The same idea with recouping from a busy day. That busy day doesn’t take nearly as many tasks to qualify as busy and the recovery time takes significantly longer. Energy that an able bodied person might spend without thought becomes carefully hoarded.

The hardest part of talking about this is the fight not to apologise. All my life I’ve been told not to whine about how I feel or how tired I am. I’ve been told to make apologies for how I feel rather than respect them. So I won’t apologise for for whining here, but a part of me still wants to.

Wednesday, April 30, 2008

Blogging Against Disablism Day, May 1st 2008

Also planning to make Thursdays a regular feature day, focusing largely on our shared history as people with disability.

Thursday, April 24, 2008

Painkillers vs Chocolate

This may prove to be a bit more rushed than I intended but its one in the morning and I’ve been distracted with writing and commenting on other issues. The result is that this may be a bit brief. In a sort of follow up to my last post I wanted to talk more about some of the alternatives to drugs that I use from time to time because I’m always on the look out for more. I’m thinking here about things like food or little practices that help alleviate pain rather than the herbal vs pharmaceutical debate.

Like a lot of people with chronic pain I find heat is frequently of help. It can get frustrating as a by and large prefer cooler temperatures but my joints like it hot. Heaven has become, more and more, a large tub of hot water, possibly involving jets.

My other great help is chocolate. Something, probably the dopamine, in chocolate has convinced my body that its an excellent solution to pain. Its reached the point that a chocolate craving has become one of my better indicators that my pain levels are on the rise.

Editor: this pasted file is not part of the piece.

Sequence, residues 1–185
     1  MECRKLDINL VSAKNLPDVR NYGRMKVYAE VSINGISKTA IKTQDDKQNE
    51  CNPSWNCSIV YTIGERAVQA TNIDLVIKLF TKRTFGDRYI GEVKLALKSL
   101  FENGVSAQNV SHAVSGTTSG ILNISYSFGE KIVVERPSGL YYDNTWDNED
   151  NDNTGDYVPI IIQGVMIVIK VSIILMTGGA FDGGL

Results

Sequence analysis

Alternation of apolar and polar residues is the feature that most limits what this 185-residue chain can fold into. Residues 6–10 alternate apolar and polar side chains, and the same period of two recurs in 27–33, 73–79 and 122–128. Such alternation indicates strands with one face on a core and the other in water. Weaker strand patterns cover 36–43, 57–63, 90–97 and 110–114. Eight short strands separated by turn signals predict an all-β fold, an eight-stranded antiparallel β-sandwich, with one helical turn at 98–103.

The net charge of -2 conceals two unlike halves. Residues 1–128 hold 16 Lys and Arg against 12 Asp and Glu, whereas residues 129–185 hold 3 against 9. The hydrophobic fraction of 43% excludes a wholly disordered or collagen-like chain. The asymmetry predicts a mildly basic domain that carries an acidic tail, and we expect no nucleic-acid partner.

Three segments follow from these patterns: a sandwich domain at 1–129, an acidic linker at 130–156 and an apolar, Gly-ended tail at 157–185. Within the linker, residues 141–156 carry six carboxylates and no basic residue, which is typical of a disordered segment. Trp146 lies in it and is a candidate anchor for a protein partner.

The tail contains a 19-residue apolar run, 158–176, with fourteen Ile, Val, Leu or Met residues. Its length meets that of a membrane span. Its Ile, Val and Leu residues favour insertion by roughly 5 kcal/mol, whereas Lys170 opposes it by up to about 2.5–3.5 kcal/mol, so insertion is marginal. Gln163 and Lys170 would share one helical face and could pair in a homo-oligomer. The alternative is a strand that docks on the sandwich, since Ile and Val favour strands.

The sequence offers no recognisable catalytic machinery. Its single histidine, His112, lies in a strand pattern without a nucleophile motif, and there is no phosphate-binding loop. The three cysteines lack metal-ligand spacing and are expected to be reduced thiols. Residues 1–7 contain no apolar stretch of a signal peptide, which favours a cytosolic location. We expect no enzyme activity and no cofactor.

Often these little boosts aren’t enough but its nice when I can do something other than turn to the pill bottle to manage my pain. I’m always on the lookout for other tricks and techniques that might help. Any day I can avoid drugs without having to endure more pain as the trade off is a big win in my book.

Wednesday, April 23, 2008

Back at last

Well, after a lengthy hiatus I’m back and trying to get into the pattern of reading disability blogs again, and keeping up with my own. The long pause has largely been due to a return to University. I handed the last of my papers a week ago, bringing the term to a successful end.

To a lot of people it doesn’t seem like much. I did three courses, the bare minimum to be full time and pretty much had to stop everything else to pull that off. Even then, if it weren’t for some good friends and the immense support of my wife I don’t think I could have pulled it off.